Reinventing the Cemetery

Design by Anasthasia Shilov

What is the cemetery? What are we to make of it? Usually, it is the strangest kind of place in a city, in part because the cemetery is aware of, even self-conscious about, its own strangeness. It starts out as a simple concept: a place to keep dead bodies. What’s a society supposed to do with all the corpses that keep piling up, rotting, and stinking up the place? Humans have found an astonishing number of ways to answer this question, from burning the body, tossing it off a cliff into the sea, or very simply, doing nothing. The cemetery offers one solution: put the body underground. It requires a little digging, maybe a little carpentry to keep the disease out, but it’s nothing we can’t handle. Out of sight, out of mind. Unfortunately for us, the heirs of this burial tradition, the cemetery’s covering-up elides what could be an incredibly fruitful use of public space. The layer of dirt between the living and the dead has become a too-powerful boundary; it’s time to revisit the cemetery, exhume it, and let it breathe free. 

Cemeteries are not only for the act of burial; they are for visitation. The whole point of marking the dead is so that the living may make a pilgrimage to the gravesite. And with this, the communal aspect of mourning begins to fade. The elderly man’s friends may come to his late wife’s funeral, but will they accompany him to the grave as he visits first every week, then every month, then on their anniversary? The cemetery becomes a site of individual contemplation, a wholly public space for private grief. 

This goes hand in hand with another peculiarity of the cemetery: the hushed tones. There is no good reason to be silent or whispering in the cemetery, yet the space seems to suppress sounds. Try this: go to the cemetery with a friend and have a normal conversation, at a regular volume. Talk about what you’re having for lunch. Talk about your sex life. Does it feel weird? Can you have such a conversation in a cemetery without the subject turning to death? Even if we want to say that cemeteries are for the living, they are, at the moment, for the living who have the dead on their minds. I believe this is unnecessary, a cultural hedge against embracing the richness of the cemetery as a public place.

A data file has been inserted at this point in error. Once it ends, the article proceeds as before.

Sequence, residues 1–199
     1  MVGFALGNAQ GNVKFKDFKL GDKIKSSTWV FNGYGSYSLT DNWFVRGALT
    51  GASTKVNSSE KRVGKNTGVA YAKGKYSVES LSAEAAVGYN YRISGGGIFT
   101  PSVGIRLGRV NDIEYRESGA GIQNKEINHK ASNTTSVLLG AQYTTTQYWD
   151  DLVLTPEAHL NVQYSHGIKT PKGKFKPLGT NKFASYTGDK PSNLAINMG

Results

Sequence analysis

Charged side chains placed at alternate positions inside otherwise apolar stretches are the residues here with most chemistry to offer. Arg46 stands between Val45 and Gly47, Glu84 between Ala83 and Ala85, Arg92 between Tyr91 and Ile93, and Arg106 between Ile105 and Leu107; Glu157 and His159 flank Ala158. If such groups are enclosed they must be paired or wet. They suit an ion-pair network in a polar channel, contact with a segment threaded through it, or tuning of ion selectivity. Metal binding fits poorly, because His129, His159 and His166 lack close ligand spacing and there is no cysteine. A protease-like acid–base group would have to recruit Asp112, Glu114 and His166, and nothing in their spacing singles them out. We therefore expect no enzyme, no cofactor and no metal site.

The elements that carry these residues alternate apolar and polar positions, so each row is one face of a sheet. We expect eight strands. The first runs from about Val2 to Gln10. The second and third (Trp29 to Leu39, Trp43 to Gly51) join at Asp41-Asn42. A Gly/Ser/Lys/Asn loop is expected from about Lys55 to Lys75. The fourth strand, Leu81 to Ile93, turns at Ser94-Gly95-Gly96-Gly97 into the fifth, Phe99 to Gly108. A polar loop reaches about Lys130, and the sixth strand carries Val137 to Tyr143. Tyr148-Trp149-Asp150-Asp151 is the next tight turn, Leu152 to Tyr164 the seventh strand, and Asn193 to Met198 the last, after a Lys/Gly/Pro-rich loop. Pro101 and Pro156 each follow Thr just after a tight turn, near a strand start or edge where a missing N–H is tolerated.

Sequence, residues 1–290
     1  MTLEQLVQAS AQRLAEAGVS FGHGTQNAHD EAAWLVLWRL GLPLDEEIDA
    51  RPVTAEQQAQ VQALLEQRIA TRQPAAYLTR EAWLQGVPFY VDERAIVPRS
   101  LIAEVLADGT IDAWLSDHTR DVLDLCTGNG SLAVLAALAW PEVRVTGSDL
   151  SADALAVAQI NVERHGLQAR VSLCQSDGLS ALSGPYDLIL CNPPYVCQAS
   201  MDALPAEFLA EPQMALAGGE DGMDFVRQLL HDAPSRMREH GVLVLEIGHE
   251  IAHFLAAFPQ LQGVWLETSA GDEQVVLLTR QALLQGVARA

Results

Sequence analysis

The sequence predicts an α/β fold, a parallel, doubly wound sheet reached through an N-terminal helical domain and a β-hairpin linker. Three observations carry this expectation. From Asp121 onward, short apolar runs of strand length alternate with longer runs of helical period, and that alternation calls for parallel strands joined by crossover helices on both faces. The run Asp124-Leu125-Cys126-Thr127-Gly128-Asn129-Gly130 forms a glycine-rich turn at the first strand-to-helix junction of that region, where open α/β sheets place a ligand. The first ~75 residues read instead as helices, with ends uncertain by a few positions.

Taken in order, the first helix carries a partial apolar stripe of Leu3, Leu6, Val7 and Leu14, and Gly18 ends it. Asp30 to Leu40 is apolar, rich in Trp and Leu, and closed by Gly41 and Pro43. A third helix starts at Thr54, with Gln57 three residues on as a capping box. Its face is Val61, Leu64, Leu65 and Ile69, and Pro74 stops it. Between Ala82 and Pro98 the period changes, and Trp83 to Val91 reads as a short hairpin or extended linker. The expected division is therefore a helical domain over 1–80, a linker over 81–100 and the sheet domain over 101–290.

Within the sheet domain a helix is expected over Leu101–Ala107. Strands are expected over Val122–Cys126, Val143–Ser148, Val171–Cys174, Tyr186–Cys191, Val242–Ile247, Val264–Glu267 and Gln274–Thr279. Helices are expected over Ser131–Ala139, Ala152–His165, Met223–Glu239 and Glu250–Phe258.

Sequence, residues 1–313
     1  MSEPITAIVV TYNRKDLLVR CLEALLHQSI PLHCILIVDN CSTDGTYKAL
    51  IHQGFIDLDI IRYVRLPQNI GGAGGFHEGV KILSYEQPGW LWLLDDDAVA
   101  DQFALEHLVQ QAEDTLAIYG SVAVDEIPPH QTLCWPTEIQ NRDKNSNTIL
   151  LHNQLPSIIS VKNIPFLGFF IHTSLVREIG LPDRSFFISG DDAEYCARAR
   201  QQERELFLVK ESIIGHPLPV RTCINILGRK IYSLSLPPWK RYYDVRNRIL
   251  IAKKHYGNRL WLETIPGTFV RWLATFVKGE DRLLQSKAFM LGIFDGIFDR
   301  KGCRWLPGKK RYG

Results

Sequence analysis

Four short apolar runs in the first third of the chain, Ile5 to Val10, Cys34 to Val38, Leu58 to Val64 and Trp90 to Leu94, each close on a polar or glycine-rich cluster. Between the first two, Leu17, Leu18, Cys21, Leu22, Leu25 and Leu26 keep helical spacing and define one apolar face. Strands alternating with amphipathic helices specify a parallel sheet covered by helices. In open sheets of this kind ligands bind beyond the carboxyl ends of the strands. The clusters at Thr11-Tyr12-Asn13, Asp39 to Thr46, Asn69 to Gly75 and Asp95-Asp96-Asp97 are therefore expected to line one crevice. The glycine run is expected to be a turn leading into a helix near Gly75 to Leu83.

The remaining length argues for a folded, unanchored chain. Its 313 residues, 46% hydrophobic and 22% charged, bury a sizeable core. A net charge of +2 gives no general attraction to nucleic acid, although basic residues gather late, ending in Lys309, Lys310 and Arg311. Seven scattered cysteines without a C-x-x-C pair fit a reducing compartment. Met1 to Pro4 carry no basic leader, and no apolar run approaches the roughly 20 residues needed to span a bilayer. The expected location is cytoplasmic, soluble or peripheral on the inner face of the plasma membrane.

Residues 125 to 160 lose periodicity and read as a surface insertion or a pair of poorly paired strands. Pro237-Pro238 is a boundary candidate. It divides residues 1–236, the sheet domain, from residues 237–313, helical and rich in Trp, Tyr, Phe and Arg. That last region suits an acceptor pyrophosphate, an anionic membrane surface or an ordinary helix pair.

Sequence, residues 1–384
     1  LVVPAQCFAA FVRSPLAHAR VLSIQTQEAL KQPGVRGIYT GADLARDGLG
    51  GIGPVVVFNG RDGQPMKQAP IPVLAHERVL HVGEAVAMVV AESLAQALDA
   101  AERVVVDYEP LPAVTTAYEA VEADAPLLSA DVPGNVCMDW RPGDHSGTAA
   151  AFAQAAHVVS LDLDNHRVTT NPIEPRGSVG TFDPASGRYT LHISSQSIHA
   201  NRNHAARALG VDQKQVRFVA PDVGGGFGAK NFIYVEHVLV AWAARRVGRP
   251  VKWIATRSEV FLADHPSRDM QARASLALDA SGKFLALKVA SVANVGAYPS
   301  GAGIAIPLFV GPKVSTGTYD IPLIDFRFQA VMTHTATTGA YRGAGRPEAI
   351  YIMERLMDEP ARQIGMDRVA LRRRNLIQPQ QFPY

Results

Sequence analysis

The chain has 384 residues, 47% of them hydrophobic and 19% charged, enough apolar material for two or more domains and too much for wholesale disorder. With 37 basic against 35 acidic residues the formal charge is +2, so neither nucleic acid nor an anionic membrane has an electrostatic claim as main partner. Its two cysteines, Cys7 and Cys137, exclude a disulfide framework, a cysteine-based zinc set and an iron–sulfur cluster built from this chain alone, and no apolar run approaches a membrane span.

My time in cemeteries has largely been spent as a visitor: of my grandmother’s grave, of a plaque inscribed with a famous name, or of a graveyard on the side of the road, simply because it seemed like a good place to stop. Even as a visitor, I have been a private mourner, a public mourner, and a mobile observer of the immobile dead. I am always thinking the same thing: it seems that we are ashamed of the cemetery’s status as a place for the living. “Yes, yes,” we whisper, “we are here to visit Grandma.” But Grandma can’t see anything, and if you want her to hear you, you’re going to have to speak up. 

I think we should stop being ashamed. We should exult in the great contradiction of the cemetery; let death remain sacred, but let those of us who walk the earth live and love fully before we too die. As time goes on, fewer and fewer graves in any given cemetery will be remembered or visited. Are these unremembered bodies condemned to be forgotten forever?  Read a name out loud. Imagine the life they could have lived. Bring someone back. Have a family picnic in the cemetery, go on a date among the headstones.. If we’re going to insist on building those huge marble slabs with names inscribed upon them, slabs that don’t even hold the dead body, we living folk should be able to use them as a seat without feeling like we have deeply profaned the holy dead. We do not need to destroy cemeteries to create public spaces and connections among the living; we simply need to reimagine them, to give them new life.

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